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Guns, Felons, and the Commerce Clause

When the Supreme Court decided that the right to bear arms extended to individuals, not just organized militias, in the Heller case in 2008, many people on the defense side were excited that they could use this to argue against felon-in-possession laws.  The fact that the Heller Court expressly said its decision did not extend to invalidate those laws strangely failed to dampen their enthusiasm.  A long string of defeats for that argument since Heller followed.

As applied to federal laws regulating who can own what, it always seemed to me that the Court's cautiously narrower view of the Commerce Clause in recent years was the more vulnerable point.

In Scarborough v. United States, 431 U.S. 563 (1977), the Supreme Court said that the mere fact that the gun had at some point moved in interstate commerce was enough.  But is it still enough today, with the changes in Commerce Clause jurisprudence since then?

Conor McEvily, a recent graduate of Georgetown Law, has a student note forthcoming in Georgetown Law Journal considering Scarborough as applied to the federal body armor law.  An advance version is available on SSRN.  The abstract follows the jump.

The federal felon body armor ban - codified at Section 931 of the United States Code Title 18 - prohibits any person who has been convicted of a felony crime of violence from possessing body armor that has been sold in interstate commerce. It is a stand-alone provision unconnected to any legislative scheme regulating body armor more broadly, and it regulates a discrete intrastate activity: the possession of body armor by felons. Because the Constitution commits to Congress the authority to regulate only interstate commerce, the Act has frequently sustained challenges that it exceeds Congress's authority. Though several jurists have acknowledged that the law fails to fall within any of the three categories composing the modern Commerce Clause framework, every court to thus far confront its constitutionality has affirmed it, reasoning that the law cannot be distinguished from the federal ban on felons' possession firearms which the Supreme Court implicitly held constitutional a generation ago in Scarborough v. United States.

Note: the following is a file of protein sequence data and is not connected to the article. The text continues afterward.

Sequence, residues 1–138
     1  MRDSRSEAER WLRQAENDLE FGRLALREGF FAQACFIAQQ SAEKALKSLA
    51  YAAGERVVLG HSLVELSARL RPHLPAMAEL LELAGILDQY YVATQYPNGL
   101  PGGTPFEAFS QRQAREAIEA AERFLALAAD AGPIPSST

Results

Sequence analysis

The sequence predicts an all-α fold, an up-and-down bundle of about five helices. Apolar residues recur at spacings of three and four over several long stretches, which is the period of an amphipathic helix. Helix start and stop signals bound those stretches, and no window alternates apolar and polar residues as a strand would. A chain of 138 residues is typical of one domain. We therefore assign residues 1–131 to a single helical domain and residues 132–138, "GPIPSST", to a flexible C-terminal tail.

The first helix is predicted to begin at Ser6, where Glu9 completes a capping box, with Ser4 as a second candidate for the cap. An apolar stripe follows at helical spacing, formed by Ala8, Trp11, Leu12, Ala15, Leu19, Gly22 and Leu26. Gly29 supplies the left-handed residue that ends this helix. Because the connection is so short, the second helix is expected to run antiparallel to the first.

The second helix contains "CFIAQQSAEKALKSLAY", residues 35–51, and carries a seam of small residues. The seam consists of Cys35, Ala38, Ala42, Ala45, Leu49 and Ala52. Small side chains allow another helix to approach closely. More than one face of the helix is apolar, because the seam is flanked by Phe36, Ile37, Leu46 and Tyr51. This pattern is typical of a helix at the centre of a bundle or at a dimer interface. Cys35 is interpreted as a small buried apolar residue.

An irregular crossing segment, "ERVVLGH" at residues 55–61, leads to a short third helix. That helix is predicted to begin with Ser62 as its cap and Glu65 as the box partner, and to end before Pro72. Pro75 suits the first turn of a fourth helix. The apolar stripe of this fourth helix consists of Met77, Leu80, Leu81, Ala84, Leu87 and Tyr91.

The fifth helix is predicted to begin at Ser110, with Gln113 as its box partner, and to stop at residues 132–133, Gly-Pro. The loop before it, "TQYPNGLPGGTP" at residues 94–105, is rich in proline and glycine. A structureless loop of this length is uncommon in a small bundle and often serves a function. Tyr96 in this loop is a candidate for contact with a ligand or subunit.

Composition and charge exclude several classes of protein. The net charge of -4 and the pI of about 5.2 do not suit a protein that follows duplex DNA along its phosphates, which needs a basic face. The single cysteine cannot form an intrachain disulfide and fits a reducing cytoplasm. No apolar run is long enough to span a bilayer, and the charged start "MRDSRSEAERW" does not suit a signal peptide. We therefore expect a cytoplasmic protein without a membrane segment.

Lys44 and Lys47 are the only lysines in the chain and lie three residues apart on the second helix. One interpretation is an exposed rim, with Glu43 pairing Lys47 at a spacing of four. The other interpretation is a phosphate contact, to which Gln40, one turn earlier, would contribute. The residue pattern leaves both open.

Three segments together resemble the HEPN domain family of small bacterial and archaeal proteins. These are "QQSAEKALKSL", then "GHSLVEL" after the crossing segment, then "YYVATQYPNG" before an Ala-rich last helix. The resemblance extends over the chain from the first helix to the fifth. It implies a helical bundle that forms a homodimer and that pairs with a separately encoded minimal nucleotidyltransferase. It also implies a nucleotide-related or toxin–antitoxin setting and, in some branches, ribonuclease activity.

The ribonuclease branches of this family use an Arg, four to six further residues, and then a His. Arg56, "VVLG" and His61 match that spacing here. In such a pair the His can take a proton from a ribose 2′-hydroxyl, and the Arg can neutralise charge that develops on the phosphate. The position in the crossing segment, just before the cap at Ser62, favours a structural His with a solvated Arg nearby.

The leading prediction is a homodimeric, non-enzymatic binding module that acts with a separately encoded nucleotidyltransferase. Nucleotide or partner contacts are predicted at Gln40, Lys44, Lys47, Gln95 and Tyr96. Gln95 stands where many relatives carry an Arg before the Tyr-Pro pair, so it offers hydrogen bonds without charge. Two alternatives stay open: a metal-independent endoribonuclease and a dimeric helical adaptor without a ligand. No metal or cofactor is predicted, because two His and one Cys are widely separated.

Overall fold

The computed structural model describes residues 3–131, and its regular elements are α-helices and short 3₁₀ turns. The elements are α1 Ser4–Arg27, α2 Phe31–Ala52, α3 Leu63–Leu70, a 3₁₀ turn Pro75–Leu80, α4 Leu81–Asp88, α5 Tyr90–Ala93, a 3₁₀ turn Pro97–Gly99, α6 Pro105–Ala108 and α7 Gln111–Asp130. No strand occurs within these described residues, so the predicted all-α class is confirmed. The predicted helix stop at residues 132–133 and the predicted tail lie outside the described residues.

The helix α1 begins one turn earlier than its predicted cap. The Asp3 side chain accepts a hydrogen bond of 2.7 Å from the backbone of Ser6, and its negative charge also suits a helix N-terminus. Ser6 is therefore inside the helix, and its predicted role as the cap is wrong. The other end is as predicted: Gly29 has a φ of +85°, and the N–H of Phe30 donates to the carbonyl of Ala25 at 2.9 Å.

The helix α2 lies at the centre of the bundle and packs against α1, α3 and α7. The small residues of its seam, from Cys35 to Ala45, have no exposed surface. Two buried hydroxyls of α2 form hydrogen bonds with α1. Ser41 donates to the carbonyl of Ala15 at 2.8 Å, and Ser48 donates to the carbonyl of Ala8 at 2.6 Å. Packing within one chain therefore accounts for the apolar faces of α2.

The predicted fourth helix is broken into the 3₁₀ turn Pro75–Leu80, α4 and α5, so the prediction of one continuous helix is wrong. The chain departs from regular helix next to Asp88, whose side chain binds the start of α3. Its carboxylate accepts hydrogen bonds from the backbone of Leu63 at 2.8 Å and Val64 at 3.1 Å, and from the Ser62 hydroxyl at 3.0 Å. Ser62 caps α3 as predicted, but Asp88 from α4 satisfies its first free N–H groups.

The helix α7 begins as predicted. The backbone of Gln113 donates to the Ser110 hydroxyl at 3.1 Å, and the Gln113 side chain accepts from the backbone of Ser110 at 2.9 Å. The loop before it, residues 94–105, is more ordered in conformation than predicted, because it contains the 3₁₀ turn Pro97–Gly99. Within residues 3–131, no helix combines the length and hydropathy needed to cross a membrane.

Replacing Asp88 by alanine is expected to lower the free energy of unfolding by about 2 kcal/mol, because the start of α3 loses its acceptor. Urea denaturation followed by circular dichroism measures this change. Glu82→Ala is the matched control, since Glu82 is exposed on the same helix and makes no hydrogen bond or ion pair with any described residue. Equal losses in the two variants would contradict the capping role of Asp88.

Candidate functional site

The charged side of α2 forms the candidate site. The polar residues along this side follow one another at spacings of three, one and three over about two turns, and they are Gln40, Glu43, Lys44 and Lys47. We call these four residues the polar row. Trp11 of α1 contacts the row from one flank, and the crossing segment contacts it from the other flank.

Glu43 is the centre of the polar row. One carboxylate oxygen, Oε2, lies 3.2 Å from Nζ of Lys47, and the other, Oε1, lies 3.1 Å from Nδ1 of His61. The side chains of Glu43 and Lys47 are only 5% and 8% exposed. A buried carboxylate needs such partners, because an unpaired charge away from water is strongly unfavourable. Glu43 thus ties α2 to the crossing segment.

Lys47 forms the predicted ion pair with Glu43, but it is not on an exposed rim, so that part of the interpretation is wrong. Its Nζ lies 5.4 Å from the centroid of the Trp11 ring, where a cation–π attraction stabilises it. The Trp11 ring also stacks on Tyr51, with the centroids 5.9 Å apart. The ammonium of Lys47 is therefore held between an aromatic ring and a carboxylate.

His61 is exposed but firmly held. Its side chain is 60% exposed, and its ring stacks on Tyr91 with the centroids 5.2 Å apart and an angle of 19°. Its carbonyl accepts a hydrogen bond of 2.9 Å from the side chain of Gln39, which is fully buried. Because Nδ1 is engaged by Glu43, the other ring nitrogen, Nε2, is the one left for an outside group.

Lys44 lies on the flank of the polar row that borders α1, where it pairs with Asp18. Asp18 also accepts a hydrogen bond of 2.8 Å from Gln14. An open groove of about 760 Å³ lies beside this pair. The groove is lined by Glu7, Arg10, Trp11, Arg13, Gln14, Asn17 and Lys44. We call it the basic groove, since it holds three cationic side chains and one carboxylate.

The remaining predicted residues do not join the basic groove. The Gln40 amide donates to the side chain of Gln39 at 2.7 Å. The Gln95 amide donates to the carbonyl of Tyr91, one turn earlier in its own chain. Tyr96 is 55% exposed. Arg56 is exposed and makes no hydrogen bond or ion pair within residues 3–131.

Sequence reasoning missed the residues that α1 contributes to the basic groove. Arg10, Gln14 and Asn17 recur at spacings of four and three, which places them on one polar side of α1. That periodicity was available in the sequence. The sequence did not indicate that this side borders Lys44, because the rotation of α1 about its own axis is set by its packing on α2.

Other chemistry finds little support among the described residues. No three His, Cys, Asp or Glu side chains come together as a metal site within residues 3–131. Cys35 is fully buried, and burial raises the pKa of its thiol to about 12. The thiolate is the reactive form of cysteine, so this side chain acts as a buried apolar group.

This Note contends that Scarborough, as interpreted by the lower courts, not only contravenes modern Commerce Clause jurisprudence, but also threatens to tilt the balance between federal and state governments by permitting the federal government to intrude on areas of traditional state concern. By analogizing Scarborough's holding that the federal government may constitutionally regulate a gun so long as it has crossed state lines, courts have upheld similar federal enactments regulating other items that have crossed state lines - enactments like § 931's regulation of body armor. Driven to its analogical limit, Scarborough could stand for the proposition that, notwithstanding any other applicable Constitutional provision, the federal government may regulate the intrastate possession of any item so long as it has traveled interstate at some point in its existence.

To avoid result, this Note advances a 're-conceptualization' of Scarborough. By characterizing the present network of federal firearms laws as a 'comprehensive regulatory regime,' the felon firearm ban can be upheld under the rationale of Gonzales v. Raich, where the Court sanctioned federal laws regulating the intrastate possession of a commodity, so long as they constituted 'an essential part' of such a regime. In contrast to other possession laws like § 931, the felon firearm ban can be understood as an 'essential part' of a comprehensive regulatory regime. By re-conceptualizing Scarborough's holding, the Court would not only preserve a sensible law barring violent felons from having guns, it would establish a practical limit to Congress's Commerce Clause authority while staying true to well-established Commerce Clause doctrine.

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